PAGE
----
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Changing immigration laws add complexity to I-9 compliance requirements

23rd August 2011
By Staff Writer in Immigration Law
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If you are a hiring manager at a corporation or the owner of a small or medium business you probably already know just how important it is to maintain compliance with Form I-9 requirements of the U.S. Citizenship and Immigration Services (CIS) department. The purpose of Form I-9 is to verify the employment eligibility of people seeking to work in the U.S. All businesses, regardless of their size are required to verify the identity and citizenship status of every employee seeking work. They are then required to fill out and maintain a Form I-9 for each employee in their payroll. Companies are not required to submit the filled out form to any government agency. Instead, they are supposed to maintain a filled out I-9 attesting to the eligibility of their employees to work in the U.S. The CIS can demand the documents at any time and failure to produce the documents can result in stiff penalties and even seizure of business assets.

As you probably know, just complying with these requirements is hard enough. Going forward though, things could become even harder because of all of the changes that are taking place at the state and federal level these days. The Department of Homeland Security for instance, last year revised its rules relating to I-9 compliance. The new rules require changes to documentation, record keeping and audit trails with regards to I-9 forms. Employers are now allowed to create and retain I-9 forms in electronic format, but there are confusing new requirements relating to the manner in which such electronic forms are to be created, stored, accessed and viewed. Adding to the complexity is the fact that companies need to maintain clear audit trails when converting existing paper based I-9 forms to electronic format.

If you are a HR or hiring manager with a government agency or a company that provides contract services for the government you may be also be subject to new E-Verify requirements. In many states, even private employers are now required to use the E-Verify system as part of the I-9 process. Just two weeks ago for instance, lawmakers in Georgia approved a bill that would require all employers, in the state, regardless of size to use the E-Verify system. The E-Verify system is an employment verification database that is maintained by the DHS. It allows employers to quickly verify the authenticity of Social Security Numbers of employees and to check their immigration status and their eligibility to work in the U.S. Many governments are mandated to use the E-Verify system these days.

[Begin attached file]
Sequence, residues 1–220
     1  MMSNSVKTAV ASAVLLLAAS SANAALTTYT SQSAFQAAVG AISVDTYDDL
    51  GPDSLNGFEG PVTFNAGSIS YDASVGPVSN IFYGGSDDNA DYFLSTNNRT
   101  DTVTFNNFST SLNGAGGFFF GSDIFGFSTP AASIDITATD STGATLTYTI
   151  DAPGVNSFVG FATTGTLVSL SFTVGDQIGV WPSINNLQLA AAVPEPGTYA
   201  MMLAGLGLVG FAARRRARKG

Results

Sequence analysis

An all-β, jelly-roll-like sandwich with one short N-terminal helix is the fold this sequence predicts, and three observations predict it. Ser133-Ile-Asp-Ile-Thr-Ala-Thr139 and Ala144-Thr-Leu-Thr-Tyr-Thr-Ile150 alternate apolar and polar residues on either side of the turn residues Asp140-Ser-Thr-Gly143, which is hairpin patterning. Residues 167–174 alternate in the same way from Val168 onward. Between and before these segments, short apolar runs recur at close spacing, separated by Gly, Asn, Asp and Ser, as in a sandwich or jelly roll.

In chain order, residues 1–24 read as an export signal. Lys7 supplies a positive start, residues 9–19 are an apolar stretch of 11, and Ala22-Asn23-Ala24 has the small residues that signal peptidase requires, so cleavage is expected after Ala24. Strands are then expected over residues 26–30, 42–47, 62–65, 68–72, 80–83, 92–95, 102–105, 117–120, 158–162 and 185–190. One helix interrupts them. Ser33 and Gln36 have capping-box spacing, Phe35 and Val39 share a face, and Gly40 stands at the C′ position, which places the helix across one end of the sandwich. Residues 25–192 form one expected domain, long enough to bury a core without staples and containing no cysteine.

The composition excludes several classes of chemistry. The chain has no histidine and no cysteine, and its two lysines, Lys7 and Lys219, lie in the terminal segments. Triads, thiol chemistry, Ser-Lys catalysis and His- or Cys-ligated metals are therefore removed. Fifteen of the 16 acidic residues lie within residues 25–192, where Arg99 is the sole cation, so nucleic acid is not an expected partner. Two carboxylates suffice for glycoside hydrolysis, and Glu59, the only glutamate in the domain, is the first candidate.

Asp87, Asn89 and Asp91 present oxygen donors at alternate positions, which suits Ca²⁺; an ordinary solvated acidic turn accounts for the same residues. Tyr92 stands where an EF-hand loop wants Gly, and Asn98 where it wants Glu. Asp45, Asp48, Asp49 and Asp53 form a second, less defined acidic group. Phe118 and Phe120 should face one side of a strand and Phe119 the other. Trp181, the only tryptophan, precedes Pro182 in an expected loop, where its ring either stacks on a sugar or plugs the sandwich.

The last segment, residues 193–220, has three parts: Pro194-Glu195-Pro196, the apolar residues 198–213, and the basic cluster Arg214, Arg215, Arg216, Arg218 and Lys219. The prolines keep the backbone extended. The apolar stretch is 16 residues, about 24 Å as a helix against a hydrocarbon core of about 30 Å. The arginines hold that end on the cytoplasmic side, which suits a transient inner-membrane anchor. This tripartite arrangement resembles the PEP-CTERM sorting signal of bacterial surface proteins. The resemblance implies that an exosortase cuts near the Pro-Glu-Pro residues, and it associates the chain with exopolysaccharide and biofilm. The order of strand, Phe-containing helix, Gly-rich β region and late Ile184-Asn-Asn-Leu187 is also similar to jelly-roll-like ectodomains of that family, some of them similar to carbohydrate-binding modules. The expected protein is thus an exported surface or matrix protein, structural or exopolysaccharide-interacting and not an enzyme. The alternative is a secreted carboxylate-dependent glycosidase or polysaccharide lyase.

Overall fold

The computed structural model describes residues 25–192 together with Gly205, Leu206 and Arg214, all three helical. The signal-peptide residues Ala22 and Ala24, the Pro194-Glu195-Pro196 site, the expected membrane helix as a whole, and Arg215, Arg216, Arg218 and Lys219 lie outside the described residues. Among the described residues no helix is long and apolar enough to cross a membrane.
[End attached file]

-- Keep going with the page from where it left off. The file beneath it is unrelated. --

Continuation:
The rapid-fire changes that are taking place in this space are being driven by growing calls for immigration reform. The changes are making it increasingly harder for companies to remain on top of I-9 requirements. However, failure to comply can mean serious consequences. Under the new rules, hiring an ineligible worker can attract fines of up to $5,500 per violation. Incomplete or improperly filled I-9 forms can result in fines of $1,100 while knowingly committing document fraud can mean fines of over $3,200 per document. The growing calls for immigration reform at both the state and federal levels are also leading to much greater scrutiny of I-9 compliance which means that companies are under much greater pressure to comply than they were before.

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